Last week’s broadcast of “Good Morning America” from Lumberton Junior High devoted a fraction of the two-hour show to Robeson County and Lumberton’s recovery from Hurricane Matthew, but had a cathartic effect that could promote and expedite the healing process.
The eight-minute segment focused on a rainbow coalition of four educators — Angela Faulkner, the principal at the junior high, her counterpart at West Lumberton Elementary, Tara Bullard, and school counselors Felicia Hunt and Vicki McGuirt — for their above-and-beyond approach to helping students at that school and West Lumberton Elementary who lost so much to rising waters.
But those four would be the first to tell you that there are literally hundreds, no thousands, of others who have similar stories of self-sacrifice on Oct. 8 when the focus was saving lives and limbs, and the days, weeks and months that have followed, when the focus has been returning normalcy to the lives of those who were the hardest hit. That road is still being traveled and it stretches well beyond the horizon.
The ABC show, while highlighting those four, actually shined a positive light on all of Robeson, which certainly suffers an image problem, often deserved, but sometimes not so much. We hope that viewers were inspired by watching people of all colors and stations in life in an impoverished county made even poorer from a day of heavy rain, putting aside our differences and working together to overcome what was a common enemy — the destruction that Matthew wrought.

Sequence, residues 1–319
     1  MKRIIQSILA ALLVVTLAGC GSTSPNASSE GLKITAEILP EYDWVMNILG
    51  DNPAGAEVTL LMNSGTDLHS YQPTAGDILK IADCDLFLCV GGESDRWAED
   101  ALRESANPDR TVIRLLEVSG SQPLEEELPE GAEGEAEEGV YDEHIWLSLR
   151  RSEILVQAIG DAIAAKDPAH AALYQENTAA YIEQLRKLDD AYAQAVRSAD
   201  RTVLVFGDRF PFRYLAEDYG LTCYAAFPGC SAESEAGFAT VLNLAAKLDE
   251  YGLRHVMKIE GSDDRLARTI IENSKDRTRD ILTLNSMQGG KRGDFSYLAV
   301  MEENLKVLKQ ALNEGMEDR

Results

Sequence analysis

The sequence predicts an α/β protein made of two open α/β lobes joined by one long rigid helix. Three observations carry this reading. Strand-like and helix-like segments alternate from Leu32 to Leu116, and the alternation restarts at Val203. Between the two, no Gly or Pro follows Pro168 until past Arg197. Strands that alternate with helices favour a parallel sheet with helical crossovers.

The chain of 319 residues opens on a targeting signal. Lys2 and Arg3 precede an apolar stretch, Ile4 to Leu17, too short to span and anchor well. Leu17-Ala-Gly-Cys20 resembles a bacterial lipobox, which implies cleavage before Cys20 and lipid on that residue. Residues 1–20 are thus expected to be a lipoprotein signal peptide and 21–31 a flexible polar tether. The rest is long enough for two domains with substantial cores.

We get nitpicked plenty, so we don’t like being the nitpicker, but we wished the show has devoted a minute or so to Tommy Lowry, our former superintendent, who we know also went above and beyond while inheriting an impossible situation, trying to lead a school system that was in total disarray, and having to do so without a desk and a telephone. But if that had happened, what was intended as a feel-good story would have become political.
The best benefit of the show was that it underlined this county’s spirit, its willingness to overcome, and perhaps that came easier for us as because our history is one of perseverance.
But there will be tangible benefits as well.
Lowe’s Home Improvement, which is headquartered in North Carolina, donated $50,000 to help resurrect Parkview Activity Center, where so many of those children affected by Matthew found joy, and Disney, ABC’s parent company, made a pledge as well to build a park in the city. We know also that Second Harvest Food Bank of Southeast North Carolina, which is headquartered in Fayetteville, has seen an upsurge in donations after the show challenged people to Dare to Donate a Dollar.
This newspaper plans updates on all three of those stories.
We said early on following the hurricane that we knew there would be a swift and overwhelming response to Matthew, both public and private, but we worried about what would happen when the camera’s eye turned in a different direction. Most of the long-term challenges that Matthew dealt this county, primarily finding permanent housing for those who lost their homes, remain.
“Good Morning America’s” visit put a camera back on this county and reminded people that much has been done, but more is left to do.